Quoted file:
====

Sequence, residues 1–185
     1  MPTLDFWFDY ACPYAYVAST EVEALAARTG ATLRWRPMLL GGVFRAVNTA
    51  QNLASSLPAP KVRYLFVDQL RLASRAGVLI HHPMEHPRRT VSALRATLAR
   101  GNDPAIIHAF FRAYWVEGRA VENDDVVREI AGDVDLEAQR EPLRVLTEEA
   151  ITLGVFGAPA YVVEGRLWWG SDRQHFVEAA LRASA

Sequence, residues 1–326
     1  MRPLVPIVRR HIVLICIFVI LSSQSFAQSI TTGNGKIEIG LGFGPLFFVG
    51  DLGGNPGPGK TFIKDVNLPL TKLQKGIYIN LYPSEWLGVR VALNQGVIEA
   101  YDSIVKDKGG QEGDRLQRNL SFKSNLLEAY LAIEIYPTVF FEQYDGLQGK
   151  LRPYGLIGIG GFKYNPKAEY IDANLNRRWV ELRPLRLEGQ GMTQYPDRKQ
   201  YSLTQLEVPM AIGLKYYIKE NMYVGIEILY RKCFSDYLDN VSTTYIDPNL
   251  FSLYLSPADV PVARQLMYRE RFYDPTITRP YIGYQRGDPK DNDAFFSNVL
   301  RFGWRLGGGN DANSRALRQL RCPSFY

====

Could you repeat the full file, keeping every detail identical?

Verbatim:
Sequence, residues 1–185
     1  MPTLDFWFDY ACPYAYVAST EVEALAARTG ATLRWRPMLL GGVFRAVNTA
    51  QNLASSLPAP KVRYLFVDQL RLASRAGVLI HHPMEHPRRT VSALRATLAR
   101  GNDPAIIHAF FRAYWVEGRA VENDDVVREI AGDVDLEAQR EPLRVLTEEA
   151  ITLGVFGAPA YVVEGRLWWG SDRQHFVEAA LRASA

Sequence, residues 1–326
     1  MRPLVPIVRR HIVLICIFVI LSSQSFAQSI TTGNGKIEIG LGFGPLFFVG
    51  DLGGNPGPGK TFIKDVNLPL TKLQKGIYIN LYPSEWLGVR VALNQGVIEA
   101  YDSIVKDKGG QEGDRLQRNL SFKSNLLEAY LAIEIYPTVF FEQYDGLQGK
   151  LRPYGLIGIG GFKYNPKAEY IDANLNRRWV ELRPLRLEGQ GMTQYPDRKQ
   201  YSLTQLEVPM AIGLKYYIKE NMYVGIEILY RKCFSDYLDN VSTTYIDPNL
   251  FSLYLSPADV PVARQLMYRE RFYDPTITRP YIGYQRGDPK DNDAFFSNVL
   301  RFGWRLGGGN DANSRALRQL RCPSFY